"Conversations around climate change are constantly looking at how we’re impacting the future, but there’s more we need to be doing now to preserve today for this generation.” — Julia Jackson, Grounded Foundation
People in the wine industry have an acute awareness of climate change and how it affects their industry. This awareness, coupled with the devastating wildfires across northern California in 2017, motivated Julia Jackson, the youngest Jackson behind northern California-based Jackson Family Wines, to take action.
Forced to evacuate her home during a fire that killed 44 people and destroyed hundreds of homes, Julia decided to use her fear to fuel the search for climate change solutions. The winemaker-turned-activist launched the Grounded Foundation, which is hosting its inaugural event, a climate summit taking place in Sonoma County, CA on March 20-21, to bring a fresh angle to climate action.
We recently caught up with Julia Jackson to learn more about the foundation and the event.
What is Grounded, and what is the goal of the event?
The Grounded Summit will unite environmental pioneers, world leaders and artists to initiate action around climate change solutions. Participants will engage in discussions designed to reshape how we all think about the current state of our environment.
What does true climate leadership look like?
Join us as keynote speaker Sara Law, VP of Global Initiatives at CDP, explores true climate leadership in action: the business ambition for 1.5°C — on November 18 at New Metrics '19.
I’ve attended quite a few climate change summits and while they all brought amazing people together, my question was always: What next? What are they doing to do about it? Knowing that we really need to take aggressive action, per the latest IPCC report, I wanted Grounded to focus on solutions and help attendees recognize that climate change is not an issue for the next generation, but today.
What are some of the topics the event will focus on?
We will focus on innovative solutions, such as a solution to protect Artic icecaps from melting, resolutions to reverse permafrost thawing, and the latest technology saving our oceans and forests. For year one, we are focusing heavily on the Arctic and permafrost, as we recognize how critical they are to protecting our planet.
We also hope to bring inspiration from work being done around the world to showcase what is working in other countries and ecosystems. For example, we’ll have an amazing non-profit, Amazon Frontlines, which is working with the Ecuadorian Huaorani tribe to protect over 7 million acres of Amazon and expand their solutions to other countries. Their work will not only open attendees’ eyes to what is possible, but will also invite them to explore a connection to the environment that a lot of people in Western society do not have.
Who can we expect to hear from during the summit?
Over the course of two days, Grounded attendees will hear from an array of trailblazers leading the climate change innovation space. These pioneers include speakers such as Paul Hawken, author of Project Drawdown, who is delivering the keynote address; the former president of Iceland, Ólafur R Grimsson, who oversaw the country’s shift to 85 percent renewable power; and David Festa, Senior Vice President at the Environmental Defense Fund.
What makes Grounded different from other climate change conferences?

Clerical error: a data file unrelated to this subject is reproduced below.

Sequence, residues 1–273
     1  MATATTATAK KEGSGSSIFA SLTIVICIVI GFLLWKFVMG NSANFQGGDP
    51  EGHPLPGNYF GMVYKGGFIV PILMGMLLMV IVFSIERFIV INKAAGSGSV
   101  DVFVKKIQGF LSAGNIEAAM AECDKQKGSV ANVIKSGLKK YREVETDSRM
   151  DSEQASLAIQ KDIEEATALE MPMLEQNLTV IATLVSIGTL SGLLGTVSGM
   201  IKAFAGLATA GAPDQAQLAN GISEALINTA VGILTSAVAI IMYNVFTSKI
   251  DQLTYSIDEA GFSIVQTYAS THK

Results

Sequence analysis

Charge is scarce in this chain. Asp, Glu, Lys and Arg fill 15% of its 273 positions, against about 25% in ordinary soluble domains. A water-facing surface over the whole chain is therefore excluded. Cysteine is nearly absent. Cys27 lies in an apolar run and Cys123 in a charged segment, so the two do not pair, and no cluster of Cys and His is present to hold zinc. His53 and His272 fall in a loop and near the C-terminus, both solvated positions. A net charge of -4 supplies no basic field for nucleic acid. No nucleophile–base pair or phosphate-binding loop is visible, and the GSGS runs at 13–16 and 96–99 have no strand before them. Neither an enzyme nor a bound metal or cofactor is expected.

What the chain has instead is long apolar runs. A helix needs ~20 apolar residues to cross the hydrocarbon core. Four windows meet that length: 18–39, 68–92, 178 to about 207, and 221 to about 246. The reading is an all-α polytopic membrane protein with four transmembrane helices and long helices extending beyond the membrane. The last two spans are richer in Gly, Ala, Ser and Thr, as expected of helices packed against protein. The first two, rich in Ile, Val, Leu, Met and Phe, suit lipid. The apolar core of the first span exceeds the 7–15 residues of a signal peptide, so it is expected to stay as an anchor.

Grounded’s main goal is to reshape the way people think about our planet. We are trying to make climate change, and the environment, very personal so that everyone is encouraged and empowered to initiate change.
Our team has worked diligently to create an immersive and engaging experience for all — from original works by climate change artist Zaria Forman to a giant geodesic dome that people can walk into as if they are entering the earth.
Food is a key part of the experience, as well. We are very excited to be featuring Søren Westh, the former sous chef of Denmark’s critically acclaimed NOMA. Søren has curated a menu that reflects how climate change is impacting our food systems. For this year, two major themes include food waste and invasive species.
Who should attend and why?
Because every individual plays a critical role in saving our planet, we hope that Grounded will attract a diverse audience. This would include everyone from investors and corporations, passionate climate change activists, environmental scientists and students.
What will be the outcome?
Our primary goal is for summit attendees to walk away with actionable steps that they can incorporate into their day-to-day lives and take back to their businesses. I would love for people to feel so impacted and moved that they will see that A) we are running out of time and B) they are part of the solution. We want this to be a movement.
We are also looking to raise money to go towards our non-profit, the Grounded Foundation, which identifies and accelerates solutions to climate change. With less than 3 percent of philanthropic giving worldwide going to the environment, we want to make sure that innovative solutions receive the funding they need to make a real impact. Our goal is not to compete with other non-profits, but to champion them, connect them within the space, support them by taking inefficiencies off their shoulders and catapulting their solutions.
Do you have any insights as a female founder?
I see women as healers and collaborators. In that way, I think women are key to solving climate change. I also think women bring critical skills to the table — like empathy, relationship-building and analytical capability — all of which are key to initiating action around climate change.
Ultimately, what’s the ask?
Wake up and realize that healing the planet is something we need to do today, by helping transform conversation into action. Register for Grounded today.